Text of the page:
Super apps: The rise of an all-in-one platform

Artwork by ra2 studio/Adobe

Convenience is a growing desire from consumers everywhere. Across the world, people are using super apps to send messages, purchase tickets and, of course, bank online. What are they, and how can community banks stay on top of this trend?

By Colleen Morrison

Super apps, or apps that aggregate online or mobile user experiences into one central location, have taken off globally. WeChat, a Chinese mobile messaging app that offers voice, text and group messaging; payments; games and more, boasts 1.29 billion users. India’s Paytm—advertised as a payments app that also allows consumers and merchants to pay bills, book flights and movie tickets, open a savings account, invest in stocks and mutual funds, acquire loans and beyond—reports 300 million users.

And now the trend is gaining traction in the U.S. According to a recent PYMNTS report, 72% of consumers have indicated their interest in a super app offering.

These aggregators have piqued consumer interest and grown exponentially around the globe precisely because they provide what users want: convenience. When asked about the benefits of a super app, 66% of consumers noted convenience as a top advantage, with another 54% emphasizing the apps’ ability to coordinate disparate topical areas, says the PYMNTS report.

But with these benefits come newfound threats, chiefly in the form of data privacy and security. While nearly 40% of consumers also have concerns about the amount of data they might have to share with a super app, overall, they feel the benefits outweigh those concerns: 70% of those who are highly interested in using a super app indicate that the advantages are worth the risk of revealing personal data.

“Keep your priorities in your app focused on banking. People will still come to your app when they know that they’re dealing directly with you for banking needs.”
—Jordan Hirschfield, Mercator Advisory Group

Community bank considerations

So, what does this intersection of regulation and technology competition mean for community banks? For starters, they will need to institute a strategy for managing the emergence of super apps. From head-to-head competition to embedded finance, how community banks respond should align with their individual business strategies.

“Keep it straight and to the point in your banking app,” advises Jordan Hirschfield, director, prepaid advisory services at Mercator Advisory Group. “Partner so you can have access to an Apple Wallet, a Google Wallet, PayPal, Amazon, whatever it may be, and then keep your priorities in your app focused on banking. People will still come to your app when they know that they’re dealing directly with you for banking needs.”

In addition, community banks need to evaluate their partnerships with fintechs and other third parties. When customer data is shared, those integrations must be met with an elevated level of scrutiny and a thorough understanding of data protections.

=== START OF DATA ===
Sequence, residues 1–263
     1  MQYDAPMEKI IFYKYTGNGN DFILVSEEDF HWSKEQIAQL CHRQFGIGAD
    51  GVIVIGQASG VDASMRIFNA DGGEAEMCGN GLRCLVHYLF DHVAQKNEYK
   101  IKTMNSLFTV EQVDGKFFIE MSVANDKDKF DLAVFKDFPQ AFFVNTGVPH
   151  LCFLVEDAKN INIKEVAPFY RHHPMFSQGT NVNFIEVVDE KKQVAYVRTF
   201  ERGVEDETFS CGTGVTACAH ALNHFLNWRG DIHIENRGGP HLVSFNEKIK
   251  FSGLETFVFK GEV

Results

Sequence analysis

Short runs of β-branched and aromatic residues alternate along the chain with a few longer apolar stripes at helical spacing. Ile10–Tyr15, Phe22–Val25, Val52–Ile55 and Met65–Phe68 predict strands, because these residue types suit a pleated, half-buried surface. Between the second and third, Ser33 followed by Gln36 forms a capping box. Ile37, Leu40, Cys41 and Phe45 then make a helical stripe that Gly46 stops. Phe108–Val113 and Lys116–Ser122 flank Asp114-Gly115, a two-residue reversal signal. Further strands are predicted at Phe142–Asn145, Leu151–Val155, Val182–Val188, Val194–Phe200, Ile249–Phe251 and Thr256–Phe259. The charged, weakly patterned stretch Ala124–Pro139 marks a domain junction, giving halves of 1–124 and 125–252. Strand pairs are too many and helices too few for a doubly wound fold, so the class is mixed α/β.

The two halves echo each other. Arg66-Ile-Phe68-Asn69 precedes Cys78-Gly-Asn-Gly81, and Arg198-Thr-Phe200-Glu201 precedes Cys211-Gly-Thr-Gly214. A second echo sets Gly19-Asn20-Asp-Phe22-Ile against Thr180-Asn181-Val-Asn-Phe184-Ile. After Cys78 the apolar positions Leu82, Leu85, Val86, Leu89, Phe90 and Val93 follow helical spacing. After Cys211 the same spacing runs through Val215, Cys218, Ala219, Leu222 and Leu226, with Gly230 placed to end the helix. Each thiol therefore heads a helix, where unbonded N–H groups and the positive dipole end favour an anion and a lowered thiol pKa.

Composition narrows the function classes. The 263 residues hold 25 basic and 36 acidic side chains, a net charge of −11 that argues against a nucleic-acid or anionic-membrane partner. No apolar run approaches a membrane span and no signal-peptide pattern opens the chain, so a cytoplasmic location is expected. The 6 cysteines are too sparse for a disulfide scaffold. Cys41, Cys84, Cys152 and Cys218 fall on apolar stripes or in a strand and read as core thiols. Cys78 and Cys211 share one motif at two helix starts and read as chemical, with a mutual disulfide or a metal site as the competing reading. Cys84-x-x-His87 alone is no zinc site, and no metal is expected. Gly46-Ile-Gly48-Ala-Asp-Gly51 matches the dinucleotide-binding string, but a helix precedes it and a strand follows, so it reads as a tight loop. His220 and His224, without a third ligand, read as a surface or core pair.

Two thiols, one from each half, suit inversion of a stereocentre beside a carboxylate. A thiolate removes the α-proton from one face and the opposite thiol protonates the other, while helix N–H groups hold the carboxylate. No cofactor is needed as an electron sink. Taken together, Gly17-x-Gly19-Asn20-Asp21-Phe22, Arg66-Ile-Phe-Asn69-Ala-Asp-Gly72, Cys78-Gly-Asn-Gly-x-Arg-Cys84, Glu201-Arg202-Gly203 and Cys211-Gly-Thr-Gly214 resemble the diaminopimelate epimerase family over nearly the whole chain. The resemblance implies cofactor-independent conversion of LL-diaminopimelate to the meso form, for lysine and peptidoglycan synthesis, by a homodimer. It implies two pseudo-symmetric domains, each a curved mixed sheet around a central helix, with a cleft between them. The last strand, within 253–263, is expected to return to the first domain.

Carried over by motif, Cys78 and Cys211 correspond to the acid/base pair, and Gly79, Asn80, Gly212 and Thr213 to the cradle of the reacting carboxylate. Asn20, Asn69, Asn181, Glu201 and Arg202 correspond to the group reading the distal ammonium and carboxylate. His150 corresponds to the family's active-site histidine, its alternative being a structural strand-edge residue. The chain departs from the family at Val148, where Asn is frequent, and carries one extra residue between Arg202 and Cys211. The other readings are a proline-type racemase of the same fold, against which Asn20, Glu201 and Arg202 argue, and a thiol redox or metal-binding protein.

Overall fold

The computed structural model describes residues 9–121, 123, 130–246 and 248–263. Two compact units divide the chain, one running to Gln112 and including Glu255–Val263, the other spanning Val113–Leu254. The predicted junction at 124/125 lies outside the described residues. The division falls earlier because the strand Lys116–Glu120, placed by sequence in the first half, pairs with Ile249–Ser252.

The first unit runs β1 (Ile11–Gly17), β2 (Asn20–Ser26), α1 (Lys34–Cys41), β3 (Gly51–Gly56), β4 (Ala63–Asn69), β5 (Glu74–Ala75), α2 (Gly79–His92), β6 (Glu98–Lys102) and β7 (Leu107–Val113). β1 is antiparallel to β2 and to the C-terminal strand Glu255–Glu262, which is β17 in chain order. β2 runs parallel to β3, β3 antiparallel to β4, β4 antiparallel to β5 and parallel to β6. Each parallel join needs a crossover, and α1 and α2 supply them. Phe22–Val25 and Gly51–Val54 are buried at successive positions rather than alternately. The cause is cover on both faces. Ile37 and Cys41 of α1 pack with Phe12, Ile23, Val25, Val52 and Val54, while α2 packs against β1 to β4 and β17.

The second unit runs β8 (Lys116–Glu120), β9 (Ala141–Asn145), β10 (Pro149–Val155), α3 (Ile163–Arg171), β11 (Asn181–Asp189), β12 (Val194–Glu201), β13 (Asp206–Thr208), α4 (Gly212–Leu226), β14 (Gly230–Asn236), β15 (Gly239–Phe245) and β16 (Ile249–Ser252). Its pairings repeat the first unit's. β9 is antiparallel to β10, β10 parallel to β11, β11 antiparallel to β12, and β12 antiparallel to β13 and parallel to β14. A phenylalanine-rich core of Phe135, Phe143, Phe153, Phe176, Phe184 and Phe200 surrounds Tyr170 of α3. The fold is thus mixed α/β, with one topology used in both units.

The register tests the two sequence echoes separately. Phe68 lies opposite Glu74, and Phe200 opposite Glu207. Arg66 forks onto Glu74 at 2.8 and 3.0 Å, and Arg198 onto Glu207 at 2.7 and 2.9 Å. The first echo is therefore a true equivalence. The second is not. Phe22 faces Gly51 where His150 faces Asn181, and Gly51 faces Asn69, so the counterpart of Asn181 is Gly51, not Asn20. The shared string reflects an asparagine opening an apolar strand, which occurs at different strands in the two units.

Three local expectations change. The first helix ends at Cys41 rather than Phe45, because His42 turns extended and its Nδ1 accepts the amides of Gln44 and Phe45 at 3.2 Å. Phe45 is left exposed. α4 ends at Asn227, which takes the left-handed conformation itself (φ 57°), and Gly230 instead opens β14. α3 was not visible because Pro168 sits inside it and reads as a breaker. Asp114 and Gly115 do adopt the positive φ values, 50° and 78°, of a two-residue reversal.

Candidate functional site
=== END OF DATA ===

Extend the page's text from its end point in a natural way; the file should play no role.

“Partnering with fintechs and new entrants can offer useful means to bring new products to market, but community banks should recognize that these new technologies may introduce new risks to consumers,” says a CFPB spokesperson. “It is important that community banks understand how consumer data may be captured through app usage, and that they provide as much insight and transparency as possible to their customers around the potential instances where data may or may not be captured.”

Despite this new form of competition and the responsibilities it introduces, community banks may have an opportunity to emphasize the unique services they provide. Super apps create an environment for community banks to emphasize where they excel: in safety, security and banking relationships. Consumers already trust their banks more than tech giants, and that trust will offer a key differentiator during the rise of the super app.

In addition, the ability for consumers to connect with someone they know still takes top billing: 42% of consumers between the ages of 21 and 55 say they would leave their bank if it eliminated account manager support. In short, the personal relationship matters.

“The key word is relationship—that is the secret sauce of the community bank,” says Hirschfield. “For a community bank, it’s showing that the digital world is just a segment of the value that they can produce.”

The CFPB gets involved

This convenience-first attitude among consumers has triggered concern from the Consumer Financial Protection Bureau (CFPB), causing it to release a report, “The Convergence of Payments and Commerce: Implications for Consumers,” in August. With a partial focus on super apps, the report paints a picture of how such technology is unfolding in the U.S. and its impact on data security. In addition, in a statement, the CFPB emphasized the actions it is taking to “work across the payments ecosystem to assess the extent to which a consumer’s information might be used for purposes the consumer did not intend or understand.”

“We have issued market monitoring orders to assess the business practices of large technology companies operating payment services in the United States,” says a CFPB spokesperson. “We will provide reports on the information obtained in response to these orders on an ongoing basis based on the data collected. The CFPB remains concerned about instances where these apps may create more opportunities for companies to aggregate and monetize data without consumer knowledge.”

Colleen Morrison is a writer in Maryland.